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Sunday, January 2, 2011

Film Review | The Fighter



He Ain't Heavy, He's My Half-Brother

by Thomas Delapa


Some labors of love are just labors.

It took actor/producer Mark Wahlberg five long years to wrestle The Fighter to the screen. In the story of welterweight boxer “Irish” Micky Ward and his drug-addict half-brother Dicky, Wahlberg sparred with a tag-team of directors (like Darren Aronofsky) and co-stars (including Brad Pitt), before settling on David O. Russell and Christian Bale. To his credit, Wahlberg never did throw in the towel, though that doesn’t mean dazed audiences won’t want to.

Any boxing movie made since champs like Rocky and Raging Bull faces long odds. On one hand (or fist), there’s Rocky’s ethnic blue-collar, underdog formula to contend with. On the other is Raging Bull’s brutal naturalism and superbly choreographed fight scenes. While The Fighter battles to be its own movie, it ends up on the ropes, done in by a lightweight plot and a flabby midsection.

In this 1990s biopic of Boston-area blood brothers and foul-mouthed family feuding, Wahlberg’s Micky should be the main event. Instead, The Departed star steps aside for Bale's Dicky, Micky’s crack-addicted, sometime-trainer brother. Gaunt, wired and wild-eyed, Bale is a moving target, rarely standing still long enough to connect with the audience. An ex-boxer himself who once fought the legendary Sugar Ray Leonard, Dicky now takes his blows at the local crack house, giving new meaning to the phrase “rope-a-dope.”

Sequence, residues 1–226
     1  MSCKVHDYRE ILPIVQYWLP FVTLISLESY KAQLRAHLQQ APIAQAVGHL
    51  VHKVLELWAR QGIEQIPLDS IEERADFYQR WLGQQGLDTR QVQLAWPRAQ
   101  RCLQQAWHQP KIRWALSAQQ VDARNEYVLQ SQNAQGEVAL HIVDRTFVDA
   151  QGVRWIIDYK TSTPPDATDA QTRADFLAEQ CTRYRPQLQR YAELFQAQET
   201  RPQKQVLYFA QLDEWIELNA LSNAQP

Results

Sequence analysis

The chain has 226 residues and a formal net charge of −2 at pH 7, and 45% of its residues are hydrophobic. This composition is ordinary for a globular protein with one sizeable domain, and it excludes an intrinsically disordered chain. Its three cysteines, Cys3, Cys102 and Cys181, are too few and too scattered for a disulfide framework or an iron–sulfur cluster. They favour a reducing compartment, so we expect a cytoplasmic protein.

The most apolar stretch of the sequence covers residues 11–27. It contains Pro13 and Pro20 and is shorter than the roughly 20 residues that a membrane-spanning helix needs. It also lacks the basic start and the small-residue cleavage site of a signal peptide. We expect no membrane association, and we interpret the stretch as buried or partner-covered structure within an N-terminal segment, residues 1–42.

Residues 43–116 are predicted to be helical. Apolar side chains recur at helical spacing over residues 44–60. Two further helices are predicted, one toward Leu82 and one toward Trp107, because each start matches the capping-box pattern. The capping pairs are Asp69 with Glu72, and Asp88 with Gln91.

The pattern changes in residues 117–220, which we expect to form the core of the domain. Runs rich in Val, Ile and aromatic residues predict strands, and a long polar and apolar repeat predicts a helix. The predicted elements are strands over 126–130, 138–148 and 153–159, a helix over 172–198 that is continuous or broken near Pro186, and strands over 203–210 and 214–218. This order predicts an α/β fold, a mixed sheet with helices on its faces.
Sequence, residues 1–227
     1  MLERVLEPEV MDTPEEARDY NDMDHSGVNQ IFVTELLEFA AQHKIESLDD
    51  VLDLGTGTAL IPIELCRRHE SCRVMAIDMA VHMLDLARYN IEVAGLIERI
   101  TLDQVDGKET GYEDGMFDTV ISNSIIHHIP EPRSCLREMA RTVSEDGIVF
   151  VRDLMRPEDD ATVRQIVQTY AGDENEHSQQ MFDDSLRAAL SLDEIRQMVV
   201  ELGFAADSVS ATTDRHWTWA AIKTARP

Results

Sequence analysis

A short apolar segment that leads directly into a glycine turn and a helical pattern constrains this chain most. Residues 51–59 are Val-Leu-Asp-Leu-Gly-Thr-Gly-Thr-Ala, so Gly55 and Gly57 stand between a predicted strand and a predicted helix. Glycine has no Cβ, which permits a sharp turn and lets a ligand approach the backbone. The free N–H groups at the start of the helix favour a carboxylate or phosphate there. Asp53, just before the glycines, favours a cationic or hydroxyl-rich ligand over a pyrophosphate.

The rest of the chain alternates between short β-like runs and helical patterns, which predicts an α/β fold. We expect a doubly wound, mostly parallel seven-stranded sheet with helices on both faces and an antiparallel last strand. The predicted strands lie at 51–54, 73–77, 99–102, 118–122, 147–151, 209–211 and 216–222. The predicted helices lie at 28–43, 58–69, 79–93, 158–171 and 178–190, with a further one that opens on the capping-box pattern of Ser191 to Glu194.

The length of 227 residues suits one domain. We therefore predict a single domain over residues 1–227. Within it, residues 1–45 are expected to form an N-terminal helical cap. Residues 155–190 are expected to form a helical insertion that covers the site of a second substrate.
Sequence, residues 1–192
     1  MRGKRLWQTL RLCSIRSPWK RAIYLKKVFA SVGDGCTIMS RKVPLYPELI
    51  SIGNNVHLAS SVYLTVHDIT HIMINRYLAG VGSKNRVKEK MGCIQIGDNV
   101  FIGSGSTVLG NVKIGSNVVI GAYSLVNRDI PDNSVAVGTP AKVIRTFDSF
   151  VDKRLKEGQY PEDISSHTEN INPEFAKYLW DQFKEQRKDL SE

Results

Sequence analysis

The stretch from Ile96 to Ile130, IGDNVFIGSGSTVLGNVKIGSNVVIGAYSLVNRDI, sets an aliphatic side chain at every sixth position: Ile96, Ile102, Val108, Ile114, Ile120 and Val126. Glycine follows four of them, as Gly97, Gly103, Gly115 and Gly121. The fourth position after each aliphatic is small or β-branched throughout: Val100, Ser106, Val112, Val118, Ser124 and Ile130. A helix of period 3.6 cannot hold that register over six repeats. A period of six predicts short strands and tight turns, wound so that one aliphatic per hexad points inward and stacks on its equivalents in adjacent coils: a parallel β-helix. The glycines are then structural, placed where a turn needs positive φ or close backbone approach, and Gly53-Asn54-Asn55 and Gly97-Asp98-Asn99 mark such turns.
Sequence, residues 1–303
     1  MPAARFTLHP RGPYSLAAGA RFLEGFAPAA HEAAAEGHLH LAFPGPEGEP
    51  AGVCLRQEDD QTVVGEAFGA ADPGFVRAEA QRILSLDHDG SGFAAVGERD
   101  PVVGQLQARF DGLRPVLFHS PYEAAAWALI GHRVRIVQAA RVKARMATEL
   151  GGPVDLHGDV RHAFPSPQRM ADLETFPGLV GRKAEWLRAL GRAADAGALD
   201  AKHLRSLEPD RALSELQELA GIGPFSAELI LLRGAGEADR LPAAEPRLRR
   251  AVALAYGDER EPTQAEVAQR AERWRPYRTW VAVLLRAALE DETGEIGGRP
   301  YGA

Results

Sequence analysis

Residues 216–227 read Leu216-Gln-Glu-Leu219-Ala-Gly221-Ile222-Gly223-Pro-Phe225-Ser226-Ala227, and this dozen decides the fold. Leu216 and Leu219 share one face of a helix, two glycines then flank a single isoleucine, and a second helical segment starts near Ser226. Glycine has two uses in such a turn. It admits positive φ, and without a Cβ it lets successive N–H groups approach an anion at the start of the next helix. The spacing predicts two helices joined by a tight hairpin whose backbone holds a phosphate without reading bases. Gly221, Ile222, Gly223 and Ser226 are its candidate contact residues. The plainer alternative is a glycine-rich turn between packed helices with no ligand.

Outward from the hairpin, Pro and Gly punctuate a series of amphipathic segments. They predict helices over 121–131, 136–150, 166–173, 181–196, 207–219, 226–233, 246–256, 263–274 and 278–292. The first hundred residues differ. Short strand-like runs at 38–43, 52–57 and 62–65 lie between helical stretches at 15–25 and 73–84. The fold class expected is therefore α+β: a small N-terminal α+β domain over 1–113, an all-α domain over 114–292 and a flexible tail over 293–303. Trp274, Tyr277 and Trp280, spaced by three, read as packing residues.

While Bale answers every bell with madly Methodical intensity, the soft-spoken, near-ascetic Wahlberg always seems to be shadow-boxing with the gloves on. Russell and Wahlberg so knock themselves out building this movie from the outside with streetwise cred, they give Micky a pedestrian treatment. Yo Adrian, this Fighter is short on fight.

Outside of the ring, Russell takes some amusing jabs at Micky’s crass, loud-mouthed mother (Melissa Leo) and her entourage of seven shrewish daughters. But even these big-haired harpies are too grotesque to be funny, except as lumpy punching bags. The catalyst for Micky’s break from his family is Charlene (Amy Adams), a tough, straight-shooting bartender whom he slowly wins over to his corner. Beside the flurry of family squabbles, Bale and Leo do score a few points for a running gag that shows Dicky defenestrating himself out of the crack house to escape his mother’s wrath.

Though The Fighter wears its blue-collar squalor around its neck like a medal, there’s nothing fancy about its footwork, least of all in the obligatory rock-music montages celebrating Micky’s boyhood roots in the ‘hood. Round 1 of his rise to the top kicks off with the ubiquitous (and misdated) “How You Like Me Now?” by the Heavy. Answer: Not so much.

Even more routine is Micky’s Rocky road to triumph once he beats down his Freudian baggage and pounces back into the ring with the eye of the tiger. With a leaner, punchier script, maybe The Fighter could have been a contender. However you score it, it’s no heavyweight.

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1/2/11

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